So, if we return to the second idea and we think about data requirements in GraphQL, I think this is where GraphQL really shines and where the value proposition becomes very strong. If you think of GraphQL as its schema mapping directly to your app data structure, then that is where you're finding a lot of value. That you might be missing if you're thinking about technical problems like over fetching. So, the question that I want to ask to anyone that already got started with GraphQL and that got a bit disillusioned when first trying it out in a team was, well, you may be sold on basic problems rather than focusing on the bigger problems and the stronger solutions that GraphQL can offer you. After all, GraphQL is a pretty batteries included spec and runtime and framework, and it can help us write declarative data models, it can help us have a type schema. And it also, to kind of give an example, goes into a concept I'd like to say of GraphQL being a lingua franca, that one of GraphQL's primary design principles, as also listed in the overview section of the spec, lists that GraphQL is product centric. And in that, it can serve as a common language not only technically for the server and for the client and the API communication, but it's also a language that your front end engineers and back end engineers can use to communicate what they mean when they talk about data. So the kind of learning I have from that, and the thing that I want to tell as many people as possible is ask yourself, compared to without it, what will GraphQL do for your team? And if you can answer that question for yourself, you're already in a much better place. And that's when you kind of become ready to have a different perspective on GraphQL's astronomically big ecosystem and the different choices you have to make. And I said earlier, one of the advantages of GraphQL is that it's batteries included. And it is, in some senses, the spec has the reference implementation. We get documentation built in. Introspection is a big feature, but we still have to make a lot of choices. And that's when the other axis of small orgs and large orgs becomes very important, because you might make different choices depending on what requirements you have, depending on how large your team or teams are. And you are exposed to a lot of choices these days if you're looking at GraphQL.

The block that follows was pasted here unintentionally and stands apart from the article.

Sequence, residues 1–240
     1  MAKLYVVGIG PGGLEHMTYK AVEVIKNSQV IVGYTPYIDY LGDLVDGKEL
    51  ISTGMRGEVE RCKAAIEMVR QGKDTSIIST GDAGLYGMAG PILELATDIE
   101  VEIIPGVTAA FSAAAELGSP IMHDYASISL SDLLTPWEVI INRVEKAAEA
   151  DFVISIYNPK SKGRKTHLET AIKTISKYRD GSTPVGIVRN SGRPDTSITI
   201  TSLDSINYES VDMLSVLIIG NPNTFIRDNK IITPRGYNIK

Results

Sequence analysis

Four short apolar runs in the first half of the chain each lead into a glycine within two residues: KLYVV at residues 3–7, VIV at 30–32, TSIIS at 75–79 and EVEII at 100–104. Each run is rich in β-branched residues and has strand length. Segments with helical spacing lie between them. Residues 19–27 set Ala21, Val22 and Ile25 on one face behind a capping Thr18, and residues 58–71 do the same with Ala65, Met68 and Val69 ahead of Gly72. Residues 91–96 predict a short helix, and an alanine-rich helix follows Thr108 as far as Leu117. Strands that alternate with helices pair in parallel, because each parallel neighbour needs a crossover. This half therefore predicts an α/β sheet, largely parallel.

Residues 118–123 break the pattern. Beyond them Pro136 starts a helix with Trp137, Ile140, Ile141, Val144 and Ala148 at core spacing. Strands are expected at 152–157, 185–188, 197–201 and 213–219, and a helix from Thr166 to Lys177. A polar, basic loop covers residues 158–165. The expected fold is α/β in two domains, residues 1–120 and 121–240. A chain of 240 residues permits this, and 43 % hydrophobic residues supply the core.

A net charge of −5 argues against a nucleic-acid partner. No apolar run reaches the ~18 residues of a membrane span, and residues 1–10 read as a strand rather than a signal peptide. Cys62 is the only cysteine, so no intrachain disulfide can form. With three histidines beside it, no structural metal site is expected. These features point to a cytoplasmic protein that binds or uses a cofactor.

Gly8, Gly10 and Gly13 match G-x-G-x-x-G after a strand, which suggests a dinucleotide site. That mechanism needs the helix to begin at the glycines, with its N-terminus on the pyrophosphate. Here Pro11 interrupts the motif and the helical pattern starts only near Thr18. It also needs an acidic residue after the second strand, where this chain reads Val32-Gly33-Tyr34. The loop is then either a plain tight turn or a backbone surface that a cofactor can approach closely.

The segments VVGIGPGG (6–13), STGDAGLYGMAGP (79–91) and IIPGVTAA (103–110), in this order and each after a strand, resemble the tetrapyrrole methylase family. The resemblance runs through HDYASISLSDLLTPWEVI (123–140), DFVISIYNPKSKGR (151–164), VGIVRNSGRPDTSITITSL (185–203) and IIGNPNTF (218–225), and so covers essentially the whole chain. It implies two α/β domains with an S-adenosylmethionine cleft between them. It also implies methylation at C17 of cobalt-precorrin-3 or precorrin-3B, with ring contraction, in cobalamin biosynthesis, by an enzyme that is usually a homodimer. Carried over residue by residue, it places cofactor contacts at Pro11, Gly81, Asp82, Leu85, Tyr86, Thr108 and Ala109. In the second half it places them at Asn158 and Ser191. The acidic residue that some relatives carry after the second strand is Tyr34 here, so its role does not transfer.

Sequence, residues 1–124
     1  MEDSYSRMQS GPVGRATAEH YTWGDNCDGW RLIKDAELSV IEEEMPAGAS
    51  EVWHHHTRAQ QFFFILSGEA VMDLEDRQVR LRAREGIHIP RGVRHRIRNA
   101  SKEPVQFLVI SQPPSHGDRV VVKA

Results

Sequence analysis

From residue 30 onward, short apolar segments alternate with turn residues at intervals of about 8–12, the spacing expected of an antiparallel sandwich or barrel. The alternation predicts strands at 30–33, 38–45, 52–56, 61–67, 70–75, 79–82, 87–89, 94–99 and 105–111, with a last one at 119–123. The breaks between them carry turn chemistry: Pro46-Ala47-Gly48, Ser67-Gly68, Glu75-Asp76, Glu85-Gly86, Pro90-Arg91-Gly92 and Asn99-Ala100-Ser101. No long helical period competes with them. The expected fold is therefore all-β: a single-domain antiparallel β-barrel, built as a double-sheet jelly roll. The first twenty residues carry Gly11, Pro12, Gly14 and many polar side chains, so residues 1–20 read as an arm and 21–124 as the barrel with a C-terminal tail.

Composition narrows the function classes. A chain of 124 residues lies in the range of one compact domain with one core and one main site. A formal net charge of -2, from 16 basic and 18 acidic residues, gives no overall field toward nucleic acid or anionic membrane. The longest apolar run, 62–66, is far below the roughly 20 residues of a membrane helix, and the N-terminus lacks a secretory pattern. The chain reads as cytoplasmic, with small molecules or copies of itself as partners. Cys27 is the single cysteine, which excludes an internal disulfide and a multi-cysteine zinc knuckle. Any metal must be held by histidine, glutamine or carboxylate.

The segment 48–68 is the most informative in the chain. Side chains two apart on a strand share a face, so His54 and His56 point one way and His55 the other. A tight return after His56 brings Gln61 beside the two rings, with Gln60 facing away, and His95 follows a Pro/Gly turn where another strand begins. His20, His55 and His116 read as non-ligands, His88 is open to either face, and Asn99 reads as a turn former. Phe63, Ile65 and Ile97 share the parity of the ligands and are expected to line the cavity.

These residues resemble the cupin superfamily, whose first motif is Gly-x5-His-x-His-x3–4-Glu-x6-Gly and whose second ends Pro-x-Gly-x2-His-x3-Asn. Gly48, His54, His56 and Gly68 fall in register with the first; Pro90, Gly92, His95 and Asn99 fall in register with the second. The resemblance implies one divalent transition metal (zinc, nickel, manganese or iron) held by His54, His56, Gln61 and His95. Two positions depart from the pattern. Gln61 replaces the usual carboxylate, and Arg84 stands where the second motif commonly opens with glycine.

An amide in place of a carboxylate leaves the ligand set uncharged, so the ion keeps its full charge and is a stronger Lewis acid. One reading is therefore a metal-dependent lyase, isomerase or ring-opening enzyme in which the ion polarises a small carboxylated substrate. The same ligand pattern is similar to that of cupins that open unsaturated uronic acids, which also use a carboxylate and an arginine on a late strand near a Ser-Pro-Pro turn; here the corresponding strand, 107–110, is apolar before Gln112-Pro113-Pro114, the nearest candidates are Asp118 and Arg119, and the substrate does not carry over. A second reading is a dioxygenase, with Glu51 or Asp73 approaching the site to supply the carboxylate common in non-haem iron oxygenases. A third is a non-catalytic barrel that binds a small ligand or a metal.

4. GraphQL Decisions and Considerations
Even in web and JSFirst development, there are many decisions to make when it comes to GraphQL. You have to choose between different clients, servers, and schema builders. The choices depend on your team's needs and constraints.
Even if we're just looking at web and JSFirst development, you have a lot of decisions to make. You have to choose between different GraphQL clients. So, for instance, you might see, am I going to use Relay, Urql, or Apollo Client? You might have to choose a GraphQL server. And you might choose Mercurius, GraphQL Yoga or Apollo Server. You might choose a GraphQL Schema Builder. And that kind of gives you access to a nicer way of organizing your API. So, you might choose Pothos, TypeGraphQL, GraphQL Nexus or GraphQL Code Generator. And that choice might even fall away or change if you're using a GraphQL generator. So, you might use AWS AppSync or Amplify. You might use Graphil, Hazura, DGraph or GraphQL Mesh to generate an API, and that kind of replaces some of the manual schema building. And that depends more on your data sources. So, these are a lot of choices. And the good news is while this may seem like a lot, this depends on your team's needs, but there are still a lot of choices to make. You often have a smaller selection of things to choose from, however, if you're considering your constraints and requirements.
5. GraphQL Client and Server Choices
Your server client might not be written in JS, in which case the backend choices might narrow down to a smaller set. Not all GraphQL clients support all UI libraries and frameworks. Specific runtime requirements and opinions on authoring GraphQL queries can also influence your choices. For example, Relay has opinions on merging queries and composing fragments. Consider these factors to make an informed decision.
So, your server client might not be written in JS, in which case all of the backend choices, if you're writing in a different language might narrow themselves down to a whole host of different solutions, but a smaller set. Or on the client side, you might have a specific UI framework you're working with, and not all GraphQL clients will support all UI libraries and frameworks. Or you have specific runtime requirements and what your client does, or what your backend has to do. Not all clients will support that. Normalized caching is basically a requirement that I often see from people, and I've only limited the set of GraphQL clients on that list to ones that have normalized caching.